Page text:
One of Calgary most historic sites will soon see some new additions. Thanks to a $36 million overhaul, Fort Calgary is set to undergo a yearlong three-stage renovation that will see the 107-year old Deane House returned to its former glory, along with a host of other changes.
Built in 1906, the Deane House is the only remaining North West Mounted Police (NWMP) building in Calgary. It was originally built on the west side of the site near 6th St. S.E. and was moved in 1914 to the current location of the Interpretive Centre.
With the construction of a new park on the site, Calgarians will have access to the Bow and Elbow Rivers and 40 acres of open space. The park space will be enhanced with interpretive signage and furnishings.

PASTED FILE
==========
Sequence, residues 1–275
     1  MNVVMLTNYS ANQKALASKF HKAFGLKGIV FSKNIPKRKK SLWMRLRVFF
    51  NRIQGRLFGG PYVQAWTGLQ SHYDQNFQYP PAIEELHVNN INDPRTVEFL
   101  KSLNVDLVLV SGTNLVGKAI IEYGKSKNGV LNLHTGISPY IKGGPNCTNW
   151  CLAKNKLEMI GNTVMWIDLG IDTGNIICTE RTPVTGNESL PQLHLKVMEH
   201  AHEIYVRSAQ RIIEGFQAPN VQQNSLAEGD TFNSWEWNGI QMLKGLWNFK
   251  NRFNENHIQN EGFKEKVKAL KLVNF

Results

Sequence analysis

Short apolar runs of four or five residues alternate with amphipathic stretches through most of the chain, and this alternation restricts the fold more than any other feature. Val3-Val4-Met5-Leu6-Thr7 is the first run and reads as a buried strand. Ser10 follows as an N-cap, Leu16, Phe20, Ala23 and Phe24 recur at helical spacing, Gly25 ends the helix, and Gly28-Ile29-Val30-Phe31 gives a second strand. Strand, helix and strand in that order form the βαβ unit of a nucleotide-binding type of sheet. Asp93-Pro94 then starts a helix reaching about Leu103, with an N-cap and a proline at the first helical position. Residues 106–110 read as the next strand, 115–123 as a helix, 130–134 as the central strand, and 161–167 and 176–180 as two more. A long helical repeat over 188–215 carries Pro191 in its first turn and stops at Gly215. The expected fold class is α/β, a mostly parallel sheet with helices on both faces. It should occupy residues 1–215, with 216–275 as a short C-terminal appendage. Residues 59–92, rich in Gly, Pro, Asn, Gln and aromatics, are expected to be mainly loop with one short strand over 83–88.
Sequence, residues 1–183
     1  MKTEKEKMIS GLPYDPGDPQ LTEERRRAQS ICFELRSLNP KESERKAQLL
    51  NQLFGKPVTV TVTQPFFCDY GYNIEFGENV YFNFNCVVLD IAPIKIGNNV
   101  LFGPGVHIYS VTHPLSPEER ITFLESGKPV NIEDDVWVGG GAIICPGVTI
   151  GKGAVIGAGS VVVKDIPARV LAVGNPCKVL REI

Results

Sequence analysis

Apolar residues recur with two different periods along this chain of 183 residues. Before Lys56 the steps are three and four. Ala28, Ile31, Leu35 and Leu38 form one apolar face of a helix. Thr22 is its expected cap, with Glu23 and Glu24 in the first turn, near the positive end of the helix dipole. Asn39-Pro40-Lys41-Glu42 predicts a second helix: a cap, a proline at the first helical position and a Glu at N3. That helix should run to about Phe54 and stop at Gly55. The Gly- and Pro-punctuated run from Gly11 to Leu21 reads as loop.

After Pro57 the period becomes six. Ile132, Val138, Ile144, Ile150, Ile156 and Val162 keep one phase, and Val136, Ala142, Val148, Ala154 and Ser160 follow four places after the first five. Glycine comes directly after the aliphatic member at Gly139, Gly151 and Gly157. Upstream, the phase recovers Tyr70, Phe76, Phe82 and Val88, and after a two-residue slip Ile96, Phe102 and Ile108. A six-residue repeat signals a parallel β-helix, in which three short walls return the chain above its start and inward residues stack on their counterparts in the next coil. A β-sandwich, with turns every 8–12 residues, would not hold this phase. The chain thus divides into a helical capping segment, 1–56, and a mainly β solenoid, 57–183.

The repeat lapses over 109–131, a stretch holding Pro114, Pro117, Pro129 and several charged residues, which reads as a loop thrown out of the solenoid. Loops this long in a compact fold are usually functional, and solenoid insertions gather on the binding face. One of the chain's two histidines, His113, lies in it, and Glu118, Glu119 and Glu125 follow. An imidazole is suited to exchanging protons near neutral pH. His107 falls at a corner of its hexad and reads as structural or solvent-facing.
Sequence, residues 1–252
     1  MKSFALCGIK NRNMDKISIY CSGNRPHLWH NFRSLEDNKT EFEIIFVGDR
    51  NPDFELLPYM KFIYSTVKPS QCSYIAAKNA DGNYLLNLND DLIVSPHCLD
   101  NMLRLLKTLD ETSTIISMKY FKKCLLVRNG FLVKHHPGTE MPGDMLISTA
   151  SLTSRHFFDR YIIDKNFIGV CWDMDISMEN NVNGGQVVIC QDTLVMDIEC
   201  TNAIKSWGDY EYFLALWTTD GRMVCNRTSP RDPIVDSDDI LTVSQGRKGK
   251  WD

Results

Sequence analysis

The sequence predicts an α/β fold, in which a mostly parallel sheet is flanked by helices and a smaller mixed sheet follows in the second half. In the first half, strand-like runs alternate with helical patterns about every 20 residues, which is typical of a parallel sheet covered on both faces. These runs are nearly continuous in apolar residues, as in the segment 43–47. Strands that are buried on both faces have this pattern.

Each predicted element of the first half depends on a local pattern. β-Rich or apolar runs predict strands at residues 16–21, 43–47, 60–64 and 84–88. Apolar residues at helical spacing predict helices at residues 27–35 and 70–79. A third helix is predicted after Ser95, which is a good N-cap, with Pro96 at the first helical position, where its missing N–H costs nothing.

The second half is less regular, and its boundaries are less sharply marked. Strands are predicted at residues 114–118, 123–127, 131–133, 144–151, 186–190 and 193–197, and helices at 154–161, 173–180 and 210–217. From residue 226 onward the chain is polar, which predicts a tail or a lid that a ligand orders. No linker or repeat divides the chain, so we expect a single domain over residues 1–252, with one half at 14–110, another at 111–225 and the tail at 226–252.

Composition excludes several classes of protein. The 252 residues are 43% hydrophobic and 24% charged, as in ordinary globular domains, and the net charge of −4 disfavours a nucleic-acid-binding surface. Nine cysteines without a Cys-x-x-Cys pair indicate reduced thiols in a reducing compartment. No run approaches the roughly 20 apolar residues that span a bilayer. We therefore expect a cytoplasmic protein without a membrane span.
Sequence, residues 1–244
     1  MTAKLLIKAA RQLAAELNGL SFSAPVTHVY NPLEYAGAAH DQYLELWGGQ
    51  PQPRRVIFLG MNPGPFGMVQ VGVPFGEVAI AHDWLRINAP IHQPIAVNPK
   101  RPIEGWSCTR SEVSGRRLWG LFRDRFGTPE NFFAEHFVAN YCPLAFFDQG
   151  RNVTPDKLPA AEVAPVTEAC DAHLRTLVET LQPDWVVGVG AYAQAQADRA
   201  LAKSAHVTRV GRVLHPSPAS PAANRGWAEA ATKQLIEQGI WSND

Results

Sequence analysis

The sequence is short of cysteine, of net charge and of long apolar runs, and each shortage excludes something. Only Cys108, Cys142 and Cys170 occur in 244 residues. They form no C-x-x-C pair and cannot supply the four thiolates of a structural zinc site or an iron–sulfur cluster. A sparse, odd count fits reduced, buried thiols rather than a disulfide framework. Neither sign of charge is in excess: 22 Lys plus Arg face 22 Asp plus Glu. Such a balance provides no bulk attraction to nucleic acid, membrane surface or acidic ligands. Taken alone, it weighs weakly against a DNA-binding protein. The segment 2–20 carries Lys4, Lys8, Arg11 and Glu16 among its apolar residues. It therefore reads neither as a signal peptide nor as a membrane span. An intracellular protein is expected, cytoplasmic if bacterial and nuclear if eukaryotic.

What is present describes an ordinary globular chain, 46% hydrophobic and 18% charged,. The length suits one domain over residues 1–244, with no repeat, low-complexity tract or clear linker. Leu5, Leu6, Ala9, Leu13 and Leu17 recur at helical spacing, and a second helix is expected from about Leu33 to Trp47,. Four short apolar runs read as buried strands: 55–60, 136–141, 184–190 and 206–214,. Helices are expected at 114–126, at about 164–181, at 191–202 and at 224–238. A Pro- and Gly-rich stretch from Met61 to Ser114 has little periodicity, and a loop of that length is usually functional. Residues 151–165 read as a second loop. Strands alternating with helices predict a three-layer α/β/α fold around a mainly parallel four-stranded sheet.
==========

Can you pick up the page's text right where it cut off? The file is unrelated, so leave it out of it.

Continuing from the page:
The second stage will be an exhibit to honour the NWMP, who built the Fort in 1975.
The final stage of the work will add a second story glass gallery to existing Interpretive Centre, connecting visitors to the National Historic Site’s natural and historic stories with new exhibits and views of downtown Calgary, the 1875 Fort site and the confluence of the Bow and Elbow rivers.
The Interpretive Centre will house the Children’s Education Centre, an orientation hall and theatre, and permanent and temporary exhibits focused on the story of Calgary, the story of the NWMP and the story of Hudson’s Bay Company. It will also contain a resource centre and library that documents this rich and important past.